Patients with juvenile idiopathic arthritis (JIA) with a family history of autoimmune thyroid disease (AITD), as well as an antinuclear antibody (ANA)-positive status, are more likely to develop AITD, according to study findings published in Pediatric Rheumatology.
Researchers aimed to gain insight into the prevalence of AITD, including nonspecified AITD, Hashimoto thyroiditis, and Graves’ disease, among patients with JIA.
Data on comorbidities and adverse events were collected from the international Pharmachild registry, which includes demographic data of patients with JIA from 85 Paediatric Rheumatology International Trials Organisation (PRINTO) centers worldwide.
Univariable and multivariable logistic regression analyses were performed to assess factors and independent predictors of developing AITD.
Of a total of 8965 patients with AITD (68.1% girls; 86.9% European) identified through the registry, across a median 5.5-year span, the researchers observed that 1.1% (n=96) had an AITD. Of individuals diagnosed with AITD, 35.4% (n=34) were unspecified cases of AITD; 60.4% (n=58/ 96) had Hashimoto thyroiditis; and 4.2% (n=4) had Graves’ disease.
Significant risk factors for developing vs not developing AITD included ANA positivity (55.7% vs 41.5%), the female sex (83.3% vs 68.0%), and rheumatoid factor (RF) positivity (10.0% vs 4.3%). Compared with patients without AITD, those who developed AITD were more likely to be older at JIA symptom onset (median, 5.3 vs 7.8 years), have a higher incidence of polyarthritis (30.4% vs 40.6%), and have a family history of AITD (4.8% vs 27.5%).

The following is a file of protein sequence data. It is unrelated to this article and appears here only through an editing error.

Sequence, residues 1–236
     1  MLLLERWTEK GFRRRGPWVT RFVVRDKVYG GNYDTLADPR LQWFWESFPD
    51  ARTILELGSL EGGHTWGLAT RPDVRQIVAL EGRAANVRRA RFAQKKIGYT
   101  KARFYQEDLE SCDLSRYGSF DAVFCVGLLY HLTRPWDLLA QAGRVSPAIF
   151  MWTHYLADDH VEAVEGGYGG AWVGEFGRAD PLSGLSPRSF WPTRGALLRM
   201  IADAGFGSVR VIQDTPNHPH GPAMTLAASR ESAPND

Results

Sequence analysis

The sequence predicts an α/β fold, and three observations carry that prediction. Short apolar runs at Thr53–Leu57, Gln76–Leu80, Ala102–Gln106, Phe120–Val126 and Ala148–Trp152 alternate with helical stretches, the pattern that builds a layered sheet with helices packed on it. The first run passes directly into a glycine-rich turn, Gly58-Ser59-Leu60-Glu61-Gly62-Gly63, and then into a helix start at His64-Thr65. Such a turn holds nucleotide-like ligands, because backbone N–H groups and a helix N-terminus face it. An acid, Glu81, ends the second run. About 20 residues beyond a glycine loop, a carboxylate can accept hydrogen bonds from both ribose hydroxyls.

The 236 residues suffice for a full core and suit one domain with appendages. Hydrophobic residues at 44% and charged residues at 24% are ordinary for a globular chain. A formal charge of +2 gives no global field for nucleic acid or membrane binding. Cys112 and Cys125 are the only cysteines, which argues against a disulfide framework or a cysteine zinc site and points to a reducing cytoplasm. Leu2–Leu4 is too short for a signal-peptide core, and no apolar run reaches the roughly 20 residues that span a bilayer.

Results of the multivariable analysis revealed that ANA positivity (odds ratio [OR], 2.0; 95% CI, 1.3-3.2), the female sex (OR, 2.2; 95% CI, 1.3-4.3), a family history of AITD (OR, 6.8; 95% CI, 4.1-11.1), and older age at JIA onset (OR, 1.1; 95% CI, 1.1-1.2) were all independent predictors for the development of AITD.
Furthermore, patients with vs without AITD had a significantly higher incidence of celiac disease (4.2% vs 0.6%; P <.01) and diabetes (2.1% vs 0.3 %; P =.04).
A major study limitation included the predisposition toward patients with more severe forms of JIA, making it more challenging to apply the results to all individuals with varying severity levels of JIA. In addition, the actual prevalence of AITD may be underestimated as indicators regarding baseline comorbidities and adverse events were collected by physician reporting. Due to missing AITD-onset dates, no correlation between disease activity and AITD onset, drug therapy, and duration could be established.
The study authors noted, “These results provide evidence for the added value of yearly serological screening for AITD in ANA positive girls with positive family history, in order to guide a practical approach to the pediatric patient with JIA at risk of developing AITD.”
In addition, the researchers suggested that drug therapy treatments should be explored, along with the disease duration, to identify other significant predictive factors related to AITD in patients with JIA.
Disclosure: One study author declared affiliations with biotech, pharmaceutical, and/or device companies. Please see the original reference for a full list of author’s disclosures.
van Straalen JW, Baas L, Giancane G, et al. Juvenile idiopathic arthritis patients with positive family history of autoimmune thyroid disease might benefit from serological screening: analysis of the international Pharmachild registry. Pediatr Rheumatol. Published online February 21, 2023. doi:10.1186/s12969-023-00802-1